Amidst Stock Crises, The South African Rand Is Walking On Thin Ice
The coronavirus pandemic is on a prowl and it is now leaving currencies in its wake. After tearing holes in the value of the Nigerian Naira and the Kenyan Shilling, the outbreak has the South African Rand in its sights.
As of today, the Rand lost its strength, showing symptoms of falling to an all-time low against the dollar, thanks in part to the stricter measures already weighing on user sentiments.
As at 0700 GMT the South African Rand traded 1.2 percent weaker at 17.7380 per dollar against a close of 17.5310 on Friday (March 20th). Reuters reports it edged closer to an all-time worst level of 17.9950 which it reached in late 2015.
The exchange rate is plummeting down to new levels as the exodus of capital from emerging market economies goes on.
The Johannesburg Stock Exchange’s blue-chip top-40 index and the broader all-share index were down by around 7.5 percent. Many financial firms suffered, with the banking index down 12.17 percent..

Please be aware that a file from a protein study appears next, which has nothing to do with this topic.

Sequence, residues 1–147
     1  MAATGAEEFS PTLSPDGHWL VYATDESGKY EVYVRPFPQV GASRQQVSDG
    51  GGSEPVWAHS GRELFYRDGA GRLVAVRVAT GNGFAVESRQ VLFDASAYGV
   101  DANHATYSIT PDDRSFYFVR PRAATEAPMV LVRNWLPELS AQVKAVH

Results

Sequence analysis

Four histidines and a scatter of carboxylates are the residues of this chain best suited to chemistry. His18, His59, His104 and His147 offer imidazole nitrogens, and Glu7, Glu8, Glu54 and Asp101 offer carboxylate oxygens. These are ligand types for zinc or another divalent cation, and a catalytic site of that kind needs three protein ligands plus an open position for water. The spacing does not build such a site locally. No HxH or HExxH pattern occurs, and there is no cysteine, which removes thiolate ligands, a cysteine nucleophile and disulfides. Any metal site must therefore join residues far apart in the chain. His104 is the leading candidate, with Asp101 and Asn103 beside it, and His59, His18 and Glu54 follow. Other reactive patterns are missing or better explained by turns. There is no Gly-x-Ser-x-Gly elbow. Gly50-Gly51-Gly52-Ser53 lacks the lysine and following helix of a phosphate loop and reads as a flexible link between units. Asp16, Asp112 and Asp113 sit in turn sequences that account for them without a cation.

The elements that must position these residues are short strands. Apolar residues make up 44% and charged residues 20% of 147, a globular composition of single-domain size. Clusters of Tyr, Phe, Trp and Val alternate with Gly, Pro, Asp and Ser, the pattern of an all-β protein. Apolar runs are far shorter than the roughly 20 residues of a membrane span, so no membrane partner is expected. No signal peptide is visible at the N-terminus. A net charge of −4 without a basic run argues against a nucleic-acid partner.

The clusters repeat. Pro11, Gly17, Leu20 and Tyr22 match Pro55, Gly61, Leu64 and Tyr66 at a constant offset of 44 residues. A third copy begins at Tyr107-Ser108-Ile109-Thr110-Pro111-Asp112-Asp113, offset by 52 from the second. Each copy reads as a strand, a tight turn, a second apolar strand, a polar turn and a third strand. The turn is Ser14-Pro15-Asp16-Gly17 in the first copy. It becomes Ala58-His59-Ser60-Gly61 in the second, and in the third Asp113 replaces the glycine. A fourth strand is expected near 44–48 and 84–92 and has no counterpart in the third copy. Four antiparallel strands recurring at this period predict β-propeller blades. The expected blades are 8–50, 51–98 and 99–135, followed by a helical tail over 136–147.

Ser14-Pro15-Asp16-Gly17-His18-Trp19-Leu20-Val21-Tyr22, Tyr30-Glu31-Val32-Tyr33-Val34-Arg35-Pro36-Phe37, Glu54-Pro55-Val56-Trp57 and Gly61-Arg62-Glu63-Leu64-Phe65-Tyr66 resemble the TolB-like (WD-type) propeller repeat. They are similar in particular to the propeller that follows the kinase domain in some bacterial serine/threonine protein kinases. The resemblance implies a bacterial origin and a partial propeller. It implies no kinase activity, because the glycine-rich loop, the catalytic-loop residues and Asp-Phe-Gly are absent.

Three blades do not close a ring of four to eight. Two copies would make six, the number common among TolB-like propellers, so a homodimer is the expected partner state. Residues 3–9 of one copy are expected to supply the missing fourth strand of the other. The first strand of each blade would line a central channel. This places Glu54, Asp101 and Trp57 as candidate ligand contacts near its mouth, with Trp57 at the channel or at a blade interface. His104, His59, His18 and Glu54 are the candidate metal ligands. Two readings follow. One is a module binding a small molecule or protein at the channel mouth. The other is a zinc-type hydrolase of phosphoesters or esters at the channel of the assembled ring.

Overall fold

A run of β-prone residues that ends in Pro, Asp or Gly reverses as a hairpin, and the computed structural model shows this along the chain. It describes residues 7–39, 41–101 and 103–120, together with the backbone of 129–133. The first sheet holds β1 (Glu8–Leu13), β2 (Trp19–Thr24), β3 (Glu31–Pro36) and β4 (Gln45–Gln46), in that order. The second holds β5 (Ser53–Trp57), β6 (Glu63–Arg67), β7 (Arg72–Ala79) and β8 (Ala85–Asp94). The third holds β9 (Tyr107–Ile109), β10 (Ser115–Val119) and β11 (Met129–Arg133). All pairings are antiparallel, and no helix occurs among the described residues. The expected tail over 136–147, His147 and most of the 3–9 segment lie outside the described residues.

At the end of last week, it fell to a more than four year low, stocks sunk back to 2013 levels and bond yields spiked on Wednesday (March 18th).
One telling reason is the wave of stimulus from governments around the world failing to quell panic about the coronavirus pandemic.
Speaking of which, President Cyril Ramaphosa—who declared a national state of disaster on March 15—was supposed to hit the press with more measures Sunday evening. But the address was shifted, which raised rumors that his administration is contemplating a total shutdown.
All of the market pressures are mounting on the South African Reserve Bank. However, a key interest rate decision is due Thursday when it will cut rates to shore up the adverse effects of COVID-19.
Recall that South Africa only just entered another economic recession after its economy contracted in the last quarter of 2019. So it is easy to see why the pandemic is already and will further make matters worse, especially as tourist arrivals and commodity exports to China take big hits.
Image: Quartz Africa